Xiaomi inspired by Costco business model - will it work in the tech world?
Published : Wednesday, 27 June, 2018There’s been a lot of hype around Xiaomi’s Hong Kong IPO, and a really fascinating discussion is unfolding about the issue of the approach to company valuation.
For a smartphone company, Xiaomi’s estimated valuation that amounts to 39 times its revenue, just doesn’t seem reasonable. For instance, if Apple is taken as an example, its price-earnings ratio does not merely match that level and is just in the teens.
Considering Xiaomi an internet company doesn’t seem justified either, since it basically manufactures hardware and doesn’t stand the comparison with giants like Alibaba, Tencent or Amazon.
What, then, is the reason behind Xiaomi’s expensive valuation that seems so inappropriate at first glance?
According to the founder of the company Lei Jun, Xiaomi is unique (and uniquely expensive) in combining its internet and e-commerce entrepreneurship and hardware manufacture.
Well, that would seem like it’s beginning to resemble a company as unlikely as... Costco in the United States.
The warehouse retail company, which has a whopping 500+ retail outlets in the US, has an impressive market cap in excess of US $90 billion. Its price/earning ratio of 35 is similar to Xiaomi’s, and exceeds that of its peer companies like Kroger (14) and Walmart (19).
Costco’s business model is an interesting one. Over the last ten years, its share price has increased in excess of six times over, while most other companies have suffered from the incredible expansion of e-commerce, and the industry giants, such as Amazon.
Most of Costco’s revenue, in fact, comes from actual sales, which is somewhat of a surprise. There’s a 12% cap on their goods’ gross margin, and after the deduction of numerous business costs, its net profit margin actually approximates zero.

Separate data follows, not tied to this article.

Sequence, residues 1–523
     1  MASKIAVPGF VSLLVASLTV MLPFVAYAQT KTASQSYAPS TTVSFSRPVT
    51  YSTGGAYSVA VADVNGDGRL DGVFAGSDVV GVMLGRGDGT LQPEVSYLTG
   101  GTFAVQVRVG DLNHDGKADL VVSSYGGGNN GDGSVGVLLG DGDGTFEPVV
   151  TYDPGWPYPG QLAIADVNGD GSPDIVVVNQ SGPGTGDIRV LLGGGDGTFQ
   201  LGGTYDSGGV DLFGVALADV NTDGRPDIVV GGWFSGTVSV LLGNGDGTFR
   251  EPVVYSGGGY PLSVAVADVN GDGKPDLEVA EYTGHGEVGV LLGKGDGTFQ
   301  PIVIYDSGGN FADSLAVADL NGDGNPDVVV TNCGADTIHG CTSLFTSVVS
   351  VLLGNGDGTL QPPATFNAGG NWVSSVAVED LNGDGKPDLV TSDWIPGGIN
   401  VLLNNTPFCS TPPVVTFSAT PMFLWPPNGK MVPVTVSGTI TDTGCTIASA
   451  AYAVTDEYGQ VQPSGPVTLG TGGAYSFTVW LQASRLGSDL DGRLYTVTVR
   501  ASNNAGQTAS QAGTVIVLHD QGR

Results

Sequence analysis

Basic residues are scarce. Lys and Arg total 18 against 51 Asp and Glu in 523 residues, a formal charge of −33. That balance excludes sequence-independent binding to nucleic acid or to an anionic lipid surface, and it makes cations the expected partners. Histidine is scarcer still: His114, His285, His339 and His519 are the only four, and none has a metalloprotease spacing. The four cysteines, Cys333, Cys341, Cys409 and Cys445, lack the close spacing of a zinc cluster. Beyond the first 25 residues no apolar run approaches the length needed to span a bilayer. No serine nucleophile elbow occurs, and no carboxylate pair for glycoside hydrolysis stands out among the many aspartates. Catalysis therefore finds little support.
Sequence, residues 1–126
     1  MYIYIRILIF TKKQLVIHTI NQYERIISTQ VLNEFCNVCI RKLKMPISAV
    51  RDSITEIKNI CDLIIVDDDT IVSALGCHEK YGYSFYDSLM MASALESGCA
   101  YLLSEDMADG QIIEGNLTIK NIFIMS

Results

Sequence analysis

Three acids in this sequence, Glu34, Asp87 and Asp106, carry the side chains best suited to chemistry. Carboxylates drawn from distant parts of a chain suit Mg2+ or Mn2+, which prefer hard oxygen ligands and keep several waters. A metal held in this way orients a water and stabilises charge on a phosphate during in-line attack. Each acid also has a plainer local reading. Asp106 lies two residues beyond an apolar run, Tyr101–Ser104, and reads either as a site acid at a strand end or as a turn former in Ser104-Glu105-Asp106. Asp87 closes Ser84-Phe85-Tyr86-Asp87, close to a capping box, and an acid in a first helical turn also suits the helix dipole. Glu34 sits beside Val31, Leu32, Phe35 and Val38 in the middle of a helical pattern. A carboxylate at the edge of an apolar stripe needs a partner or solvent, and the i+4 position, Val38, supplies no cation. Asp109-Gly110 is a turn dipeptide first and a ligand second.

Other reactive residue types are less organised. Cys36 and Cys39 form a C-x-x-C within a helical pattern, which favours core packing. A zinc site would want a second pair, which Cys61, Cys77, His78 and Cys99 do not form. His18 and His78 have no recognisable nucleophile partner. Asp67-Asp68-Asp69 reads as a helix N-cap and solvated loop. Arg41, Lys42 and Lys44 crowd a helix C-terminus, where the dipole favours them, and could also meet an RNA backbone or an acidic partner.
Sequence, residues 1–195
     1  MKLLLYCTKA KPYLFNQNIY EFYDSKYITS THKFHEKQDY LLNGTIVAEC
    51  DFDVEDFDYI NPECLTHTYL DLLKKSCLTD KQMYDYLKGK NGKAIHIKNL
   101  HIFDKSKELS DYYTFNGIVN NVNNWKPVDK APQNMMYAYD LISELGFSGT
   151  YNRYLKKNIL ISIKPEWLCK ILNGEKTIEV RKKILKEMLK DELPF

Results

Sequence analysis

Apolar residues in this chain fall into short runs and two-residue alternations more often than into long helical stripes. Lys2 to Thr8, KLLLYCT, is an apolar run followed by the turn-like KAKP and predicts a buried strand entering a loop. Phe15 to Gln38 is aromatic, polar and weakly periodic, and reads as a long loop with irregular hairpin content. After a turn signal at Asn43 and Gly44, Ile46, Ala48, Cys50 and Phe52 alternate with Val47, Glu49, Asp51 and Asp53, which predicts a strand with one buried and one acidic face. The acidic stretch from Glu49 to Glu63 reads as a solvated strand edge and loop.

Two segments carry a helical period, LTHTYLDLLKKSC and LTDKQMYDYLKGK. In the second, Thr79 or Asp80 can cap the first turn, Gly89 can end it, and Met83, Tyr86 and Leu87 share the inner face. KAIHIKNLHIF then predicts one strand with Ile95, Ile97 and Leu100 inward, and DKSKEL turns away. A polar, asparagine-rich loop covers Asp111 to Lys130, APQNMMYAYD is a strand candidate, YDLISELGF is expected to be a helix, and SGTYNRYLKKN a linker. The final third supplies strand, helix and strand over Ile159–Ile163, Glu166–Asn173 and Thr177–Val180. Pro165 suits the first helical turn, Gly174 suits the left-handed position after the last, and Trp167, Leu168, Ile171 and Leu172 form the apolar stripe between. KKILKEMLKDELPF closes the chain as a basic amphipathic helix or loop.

What, then, is the reason behind its success on the stock exchange?
The company makes money from other sources – namely, membership fees, commercial collaboration with credit card companies and other third-party service providers.
Another one of its unusual features is its membership system, which is not typical of US supermarkets. Being a member costs US$120 or $60 per year, depending on the membership level. The membership fees alone account for the revenue of US$2.6 billion last year alone, making membership fees the single main profit source for Costco.
For consumers, the membership fee is not particularly burdensome, since the products sold by the store are, in fact, of a better value than in a regular supermarket, and the membership requires no net margin pledge.
Better prices from the suppliers are ensured for the retail giant by the amounts of wholesale goods it purchases, with better pricing inevitably leading to customer loyalty.
Costco is now able to offer goods at an average of 30% lower price compared to its competitors, making the amount of potential annual savings for a family that would exceed the price of annual membership several times.
Coming back to Xiaomi and its business model, what are the similarities to Costco? Well, there’s a 10% gross margin cap an Xiaomi’s hardware products (including smartphones), while for iPhone this number ranges between 40% and 60%, and exceeds 30% for a Samsung headset. The company claims that the net profit margin will never go above 5%.
Meanwhile, the product quality remains the same, and the price is lower than competitors’.
Lei actually claims that Costco served as an inspiration to him as he was creating and launching Xiaomi with the aim to offer quality products at reasonable prices to consumers all over the world.
More than 190 million international users choose Xiaomi, however, there’s an issue – over 90% of its revenue comes from hardware.
The company needs to find other ways to monetize its already impressive customer base.
Internet services are one area Xiaomi is exploring, but as of now it’s still responsible for only a small share of its revenue.
However, while the company is still soul-searching, perhaps it should trade at a 30% discount compared to Costco’s P/E level, at least until it finds the perfect combination of goods and services.